A Health Maintenance Organization (HMO) is an organization that offers health insurance coverage for a monthly or annual fee. It comprises a group of medical insurance providers who limit coverage to medical care provided by doctors and providers who are under contract with the HMO. HMO plans are one of the four Medicare Advantage plans, along with SNP, PPO, and PFFS plans. They are popular because they usually have low monthly premiums, even as low as $0 per month. However, this low cost comes with limitations on which providers and facilities members can receive care from.
- Emergency care
- Out-of-area urgent care
- Temporary out-of-area dialysis
Medicare Advantage Plans
Medicare Advantage Plans provide all of the benefits of Original Medicare, with the exception of clinical trials, hospice services, and some new benefits resulting from legislation or national coverage determinations. These plans typically do not cover medical care received outside of the United States, although some plans may offer a supplementary benefit that covers emergency or urgent services during travel outside of the country. Medicare Advantage plans offer numerous benefits, such as coverage for items that Original Medicare does not cover, including fitness programs. Additionally, some plans may include coverage for vision, hearing, and dental services, such as routine checkups and cleanings. If you have a specific medical condition, a Medicare Advantage plan may be able to customize its benefits to meet your unique needs.
Part C HMO Plans
The Health Maintenance Organization (HMO) is a prevalent type of Medicare Advantage plan that has its own network of healthcare providers and facilities. These providers have agreed to offer services to HMO members under the plan’s network.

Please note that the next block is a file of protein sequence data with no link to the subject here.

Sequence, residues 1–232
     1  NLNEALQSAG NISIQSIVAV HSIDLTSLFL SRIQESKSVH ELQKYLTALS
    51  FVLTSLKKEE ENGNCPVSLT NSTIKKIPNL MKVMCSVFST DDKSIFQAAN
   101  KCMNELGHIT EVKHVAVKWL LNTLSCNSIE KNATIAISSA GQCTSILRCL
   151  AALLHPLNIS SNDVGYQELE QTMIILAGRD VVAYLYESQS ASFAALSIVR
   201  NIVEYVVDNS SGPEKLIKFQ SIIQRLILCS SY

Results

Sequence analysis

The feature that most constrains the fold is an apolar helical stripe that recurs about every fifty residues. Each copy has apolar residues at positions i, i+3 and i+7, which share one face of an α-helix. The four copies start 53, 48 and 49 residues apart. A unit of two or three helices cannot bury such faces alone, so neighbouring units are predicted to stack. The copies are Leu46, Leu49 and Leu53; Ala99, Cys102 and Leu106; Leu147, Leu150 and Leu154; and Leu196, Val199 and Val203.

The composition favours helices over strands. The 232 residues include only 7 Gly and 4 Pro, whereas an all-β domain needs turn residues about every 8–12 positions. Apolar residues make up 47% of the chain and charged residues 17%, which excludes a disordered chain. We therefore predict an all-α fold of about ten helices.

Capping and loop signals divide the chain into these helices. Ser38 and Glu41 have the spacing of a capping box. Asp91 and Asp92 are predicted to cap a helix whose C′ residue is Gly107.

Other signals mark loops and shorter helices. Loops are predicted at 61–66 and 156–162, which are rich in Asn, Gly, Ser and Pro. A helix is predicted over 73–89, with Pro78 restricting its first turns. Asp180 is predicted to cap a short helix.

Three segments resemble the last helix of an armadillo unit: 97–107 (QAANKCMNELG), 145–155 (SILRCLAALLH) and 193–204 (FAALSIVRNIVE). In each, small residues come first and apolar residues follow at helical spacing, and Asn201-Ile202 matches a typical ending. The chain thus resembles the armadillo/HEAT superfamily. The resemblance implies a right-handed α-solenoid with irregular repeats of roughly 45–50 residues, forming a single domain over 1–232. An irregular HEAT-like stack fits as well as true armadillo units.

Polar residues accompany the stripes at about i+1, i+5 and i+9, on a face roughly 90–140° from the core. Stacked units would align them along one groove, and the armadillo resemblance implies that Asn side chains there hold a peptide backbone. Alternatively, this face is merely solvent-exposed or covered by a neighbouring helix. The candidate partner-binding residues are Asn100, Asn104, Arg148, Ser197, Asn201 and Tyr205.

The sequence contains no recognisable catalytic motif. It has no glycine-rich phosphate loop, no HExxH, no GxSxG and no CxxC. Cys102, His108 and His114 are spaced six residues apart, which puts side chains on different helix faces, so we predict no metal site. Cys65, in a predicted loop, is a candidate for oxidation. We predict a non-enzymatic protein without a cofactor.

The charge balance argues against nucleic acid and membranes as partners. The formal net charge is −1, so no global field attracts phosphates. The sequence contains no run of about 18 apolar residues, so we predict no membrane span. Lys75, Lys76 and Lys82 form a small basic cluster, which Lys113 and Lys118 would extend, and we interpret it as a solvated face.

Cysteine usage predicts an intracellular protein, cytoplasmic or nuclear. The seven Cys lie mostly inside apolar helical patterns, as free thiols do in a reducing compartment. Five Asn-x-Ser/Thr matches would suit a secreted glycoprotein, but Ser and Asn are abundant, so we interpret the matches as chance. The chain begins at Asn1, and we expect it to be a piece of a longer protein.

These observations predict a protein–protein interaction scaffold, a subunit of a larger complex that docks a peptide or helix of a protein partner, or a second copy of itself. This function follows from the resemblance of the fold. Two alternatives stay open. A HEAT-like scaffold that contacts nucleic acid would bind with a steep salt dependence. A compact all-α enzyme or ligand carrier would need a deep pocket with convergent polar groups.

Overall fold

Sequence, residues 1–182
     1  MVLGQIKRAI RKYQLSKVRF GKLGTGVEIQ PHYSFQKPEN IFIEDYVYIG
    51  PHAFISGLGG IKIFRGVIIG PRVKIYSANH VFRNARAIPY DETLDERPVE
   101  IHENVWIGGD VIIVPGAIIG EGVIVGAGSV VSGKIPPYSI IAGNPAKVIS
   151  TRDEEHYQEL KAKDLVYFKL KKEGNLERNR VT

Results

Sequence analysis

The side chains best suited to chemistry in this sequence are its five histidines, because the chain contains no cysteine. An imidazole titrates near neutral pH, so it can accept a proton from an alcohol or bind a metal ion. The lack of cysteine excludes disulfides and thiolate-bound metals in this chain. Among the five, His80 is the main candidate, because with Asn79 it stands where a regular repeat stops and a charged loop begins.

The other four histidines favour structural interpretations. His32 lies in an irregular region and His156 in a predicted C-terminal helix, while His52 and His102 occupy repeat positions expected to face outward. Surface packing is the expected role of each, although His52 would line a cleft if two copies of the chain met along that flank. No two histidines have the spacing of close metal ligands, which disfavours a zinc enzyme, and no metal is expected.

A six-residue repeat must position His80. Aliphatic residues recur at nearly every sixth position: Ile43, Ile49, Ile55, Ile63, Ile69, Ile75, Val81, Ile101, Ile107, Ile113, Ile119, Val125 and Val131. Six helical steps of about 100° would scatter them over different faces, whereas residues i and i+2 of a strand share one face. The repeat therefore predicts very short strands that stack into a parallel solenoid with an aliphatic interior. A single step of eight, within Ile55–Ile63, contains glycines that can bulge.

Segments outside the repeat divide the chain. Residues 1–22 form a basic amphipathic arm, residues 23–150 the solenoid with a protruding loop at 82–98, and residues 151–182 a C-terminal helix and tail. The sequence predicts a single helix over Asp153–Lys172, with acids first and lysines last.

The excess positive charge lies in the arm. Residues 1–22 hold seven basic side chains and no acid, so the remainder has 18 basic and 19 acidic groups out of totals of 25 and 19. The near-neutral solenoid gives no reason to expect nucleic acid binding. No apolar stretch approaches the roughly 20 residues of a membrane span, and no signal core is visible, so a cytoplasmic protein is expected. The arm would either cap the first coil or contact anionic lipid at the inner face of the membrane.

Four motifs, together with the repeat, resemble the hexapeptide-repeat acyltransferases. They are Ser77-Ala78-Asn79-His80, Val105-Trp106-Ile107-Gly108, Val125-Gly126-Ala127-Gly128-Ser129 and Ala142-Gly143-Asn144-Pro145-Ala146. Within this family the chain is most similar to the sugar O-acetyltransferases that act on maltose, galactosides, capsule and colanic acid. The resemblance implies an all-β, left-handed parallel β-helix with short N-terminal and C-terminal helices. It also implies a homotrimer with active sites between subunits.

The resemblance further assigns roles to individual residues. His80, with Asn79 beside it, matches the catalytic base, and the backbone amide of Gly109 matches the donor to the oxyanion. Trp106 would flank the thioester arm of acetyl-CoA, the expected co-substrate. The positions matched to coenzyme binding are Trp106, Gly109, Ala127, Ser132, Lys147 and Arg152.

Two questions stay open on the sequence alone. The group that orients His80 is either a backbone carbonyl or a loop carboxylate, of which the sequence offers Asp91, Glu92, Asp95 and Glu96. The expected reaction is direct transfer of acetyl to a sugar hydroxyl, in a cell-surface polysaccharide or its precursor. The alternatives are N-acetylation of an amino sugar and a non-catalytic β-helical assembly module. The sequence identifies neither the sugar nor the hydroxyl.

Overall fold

To receive care under an HMO plan, policyholders must choose a primary care physician from the plan’s network. This doctor will coordinate all care for the member and refer them to specialist providers within the network when necessary.
If a member of an HMO plan receives care from an out-of-network provider or facility, the plan typically provides no coverage, and the member must pay 100% of the costs out-of-pocket. However, coverage for out-of-network services is available in emergency situations.
Despite the network restrictions, many Medicare beneficiaries opt for HMO plans because of their low premiums. Some HMO plans even have no premiums. However, Medicare Advantage plan members must still pay the Medicare Part B premium.
Since all Medicare Advantage plans are offered by private insurance companies, each plan’s features and benefits may differ. They may have varying coverage levels, copays, coinsurance costs, and networks. Most HMO Part C plans include prescription drug coverage, but their drug formularies may differ.
Medicare Advantage HMO Eligibility
If you have enrolled in Medicare Parts A and B, you are eligible to apply for a Medicare Advantage HMO plan, with the exception of individuals already diagnosed with End-Stage Renal Disease (ESRD). The enrollment can be done during your Initial Enrollment Period or Annual Enrollment Period, and some people may qualify for a Special Enrollment Period.